"C SAX INTRANTIBUS;"-
j' '"Peace to all who enter."
These are the words,
written in white letters
above the gate of the porter's lodge,
which greet the eye of the visitor to
the Abbey of Gethsemani.
On the 26th of October, i848, a band
of monks of the Order of Our Lady of
La Trappe, left the Abbey of Melleray,
near Nantes, on the Lower Loire,
France, and turned their faces towards
the new world. This band was coin-
posed of forty religious, sixteen choir
fathers, and twenty-four lay brothers.
The crowded condition of the French
Abbey necessitated this movement, for
room was so scarce that postulants
could not be received. On May 26th
of the same year, Rev. Father D.
Maxime, Abbot of Melleray, had com-
missioned two of his
flock to go to the
United States for the
purpose of selecting
'a site for a new mon-
astery. With the as-
sistance of Mgr.
Flaget, then Bishop
of Louisville, these
men contracted for
,i ,zoo acres of land
belonging to the Sis-
ters of Loretto, in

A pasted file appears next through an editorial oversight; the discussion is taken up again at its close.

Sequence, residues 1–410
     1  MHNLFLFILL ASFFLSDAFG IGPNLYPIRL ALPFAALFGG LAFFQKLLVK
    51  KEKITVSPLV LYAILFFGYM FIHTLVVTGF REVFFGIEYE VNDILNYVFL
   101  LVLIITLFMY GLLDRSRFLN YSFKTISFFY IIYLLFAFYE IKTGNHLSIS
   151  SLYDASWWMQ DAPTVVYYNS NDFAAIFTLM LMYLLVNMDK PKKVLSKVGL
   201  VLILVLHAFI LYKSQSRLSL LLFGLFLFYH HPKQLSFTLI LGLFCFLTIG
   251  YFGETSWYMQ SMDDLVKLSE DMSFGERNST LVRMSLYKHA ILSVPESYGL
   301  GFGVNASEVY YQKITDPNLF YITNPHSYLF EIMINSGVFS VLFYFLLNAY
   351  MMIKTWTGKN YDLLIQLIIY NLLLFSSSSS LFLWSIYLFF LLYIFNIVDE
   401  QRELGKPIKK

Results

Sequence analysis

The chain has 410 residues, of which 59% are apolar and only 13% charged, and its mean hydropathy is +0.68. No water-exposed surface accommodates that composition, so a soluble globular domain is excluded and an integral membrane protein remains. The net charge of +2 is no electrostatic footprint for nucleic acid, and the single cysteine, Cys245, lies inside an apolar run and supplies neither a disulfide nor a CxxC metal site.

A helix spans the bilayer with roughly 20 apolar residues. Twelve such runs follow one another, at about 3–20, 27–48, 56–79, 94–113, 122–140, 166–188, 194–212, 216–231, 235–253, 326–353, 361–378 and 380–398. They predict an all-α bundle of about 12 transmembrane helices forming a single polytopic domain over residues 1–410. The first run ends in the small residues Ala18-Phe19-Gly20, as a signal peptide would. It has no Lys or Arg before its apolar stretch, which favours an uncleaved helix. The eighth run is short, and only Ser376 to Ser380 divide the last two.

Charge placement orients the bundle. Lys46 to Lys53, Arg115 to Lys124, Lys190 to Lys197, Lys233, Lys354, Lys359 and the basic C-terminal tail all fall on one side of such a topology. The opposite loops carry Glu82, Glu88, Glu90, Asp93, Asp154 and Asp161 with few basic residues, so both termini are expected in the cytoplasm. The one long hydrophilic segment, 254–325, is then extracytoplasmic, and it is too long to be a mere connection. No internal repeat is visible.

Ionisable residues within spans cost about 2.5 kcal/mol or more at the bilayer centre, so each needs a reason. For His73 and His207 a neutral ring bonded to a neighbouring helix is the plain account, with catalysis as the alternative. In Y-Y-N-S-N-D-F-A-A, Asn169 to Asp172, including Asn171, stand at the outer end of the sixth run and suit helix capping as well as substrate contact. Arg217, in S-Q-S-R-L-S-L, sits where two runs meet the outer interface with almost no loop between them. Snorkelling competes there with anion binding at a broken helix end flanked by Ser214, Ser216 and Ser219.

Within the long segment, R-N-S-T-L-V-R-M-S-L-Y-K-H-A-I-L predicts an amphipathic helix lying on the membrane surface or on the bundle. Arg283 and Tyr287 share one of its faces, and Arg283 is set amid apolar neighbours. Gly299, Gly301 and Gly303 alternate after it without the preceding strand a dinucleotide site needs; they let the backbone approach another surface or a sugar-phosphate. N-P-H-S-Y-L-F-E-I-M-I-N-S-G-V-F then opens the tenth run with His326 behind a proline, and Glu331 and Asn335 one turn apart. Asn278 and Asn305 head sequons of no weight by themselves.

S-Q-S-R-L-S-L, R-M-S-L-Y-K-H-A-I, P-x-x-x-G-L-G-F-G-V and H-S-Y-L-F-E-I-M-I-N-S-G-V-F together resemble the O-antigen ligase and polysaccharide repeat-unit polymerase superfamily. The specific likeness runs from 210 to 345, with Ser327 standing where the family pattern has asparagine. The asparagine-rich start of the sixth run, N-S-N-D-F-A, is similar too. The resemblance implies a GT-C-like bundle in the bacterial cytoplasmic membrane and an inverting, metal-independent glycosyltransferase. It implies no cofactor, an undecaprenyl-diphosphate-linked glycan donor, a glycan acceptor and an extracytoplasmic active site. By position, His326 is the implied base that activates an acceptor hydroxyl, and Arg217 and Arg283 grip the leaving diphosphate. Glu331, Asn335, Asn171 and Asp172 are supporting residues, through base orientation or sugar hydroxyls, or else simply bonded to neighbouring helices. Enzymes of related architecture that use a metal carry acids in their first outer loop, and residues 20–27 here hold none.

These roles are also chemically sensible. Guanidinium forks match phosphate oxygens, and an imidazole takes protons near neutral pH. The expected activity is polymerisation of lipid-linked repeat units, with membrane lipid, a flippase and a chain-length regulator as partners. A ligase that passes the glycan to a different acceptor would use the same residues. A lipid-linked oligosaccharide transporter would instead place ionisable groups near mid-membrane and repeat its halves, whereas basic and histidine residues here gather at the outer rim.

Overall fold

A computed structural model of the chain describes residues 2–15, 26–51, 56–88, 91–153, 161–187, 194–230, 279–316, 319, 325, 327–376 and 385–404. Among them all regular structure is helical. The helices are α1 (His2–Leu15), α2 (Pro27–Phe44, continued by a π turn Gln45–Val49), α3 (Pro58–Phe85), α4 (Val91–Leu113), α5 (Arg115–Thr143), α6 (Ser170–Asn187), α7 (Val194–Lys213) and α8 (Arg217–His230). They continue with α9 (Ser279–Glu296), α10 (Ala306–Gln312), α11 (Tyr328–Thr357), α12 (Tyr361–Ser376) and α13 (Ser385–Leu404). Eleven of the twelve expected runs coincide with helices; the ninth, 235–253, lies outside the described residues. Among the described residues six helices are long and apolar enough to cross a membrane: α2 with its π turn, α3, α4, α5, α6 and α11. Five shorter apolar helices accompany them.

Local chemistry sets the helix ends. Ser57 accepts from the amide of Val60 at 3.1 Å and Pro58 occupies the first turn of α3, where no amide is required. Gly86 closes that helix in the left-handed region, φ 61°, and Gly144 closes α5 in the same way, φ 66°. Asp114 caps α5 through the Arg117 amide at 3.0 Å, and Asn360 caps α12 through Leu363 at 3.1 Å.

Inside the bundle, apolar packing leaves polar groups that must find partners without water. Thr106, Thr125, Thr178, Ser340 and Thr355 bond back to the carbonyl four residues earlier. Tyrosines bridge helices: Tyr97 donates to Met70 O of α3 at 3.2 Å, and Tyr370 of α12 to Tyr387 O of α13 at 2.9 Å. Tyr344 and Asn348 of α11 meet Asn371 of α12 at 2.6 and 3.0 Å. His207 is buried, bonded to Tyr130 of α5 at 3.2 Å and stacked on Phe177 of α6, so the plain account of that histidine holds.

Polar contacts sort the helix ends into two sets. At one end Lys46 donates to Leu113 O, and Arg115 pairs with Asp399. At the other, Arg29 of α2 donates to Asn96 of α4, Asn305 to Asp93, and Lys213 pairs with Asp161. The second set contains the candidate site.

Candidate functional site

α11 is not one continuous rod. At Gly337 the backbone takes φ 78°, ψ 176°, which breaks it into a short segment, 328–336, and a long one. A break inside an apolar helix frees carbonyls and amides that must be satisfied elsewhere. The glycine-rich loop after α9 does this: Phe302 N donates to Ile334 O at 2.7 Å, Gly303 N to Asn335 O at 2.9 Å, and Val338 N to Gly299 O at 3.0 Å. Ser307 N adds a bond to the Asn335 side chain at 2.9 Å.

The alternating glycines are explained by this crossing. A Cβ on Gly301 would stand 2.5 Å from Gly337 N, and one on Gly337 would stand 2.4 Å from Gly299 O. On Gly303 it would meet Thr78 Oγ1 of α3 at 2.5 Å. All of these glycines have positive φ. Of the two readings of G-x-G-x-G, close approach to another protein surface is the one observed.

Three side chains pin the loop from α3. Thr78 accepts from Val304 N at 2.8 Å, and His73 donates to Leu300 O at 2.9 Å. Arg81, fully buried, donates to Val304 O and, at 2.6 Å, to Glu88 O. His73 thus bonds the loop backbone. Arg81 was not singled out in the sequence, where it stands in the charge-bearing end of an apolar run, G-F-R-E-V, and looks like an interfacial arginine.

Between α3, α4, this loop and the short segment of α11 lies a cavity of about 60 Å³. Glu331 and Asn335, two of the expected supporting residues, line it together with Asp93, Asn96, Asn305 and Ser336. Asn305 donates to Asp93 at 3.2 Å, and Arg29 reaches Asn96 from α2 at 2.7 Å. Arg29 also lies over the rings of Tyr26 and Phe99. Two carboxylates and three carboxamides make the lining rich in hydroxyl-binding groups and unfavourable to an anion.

Nelson County, the
price paild being
Father Maria Eutropius, Prior of
the Abbey of Melleray, was given
charge over the bandl of pioneers. A
detailed account of their eventful jour-
ney wolul make a small volume. They
set sail from Havre on the second day
of November, i848,and arrived in New
Orleans on the sixteenth of December.
Proceeding by steamboat, they came
to Louisville ten days later, and the
fifty miles which yet lay before them
were accomplished in three dray
wagons. When their new home was
reached, they found nothing but a few
cabins gathered together on the de-
clivity of a hill. These they occupied
with grateful hearts, and Gethseniani
The growth of the order in America
was steady and rapid. One by one the
old buildings were torn down and re-
THE CIIAI'I'ER ROOM.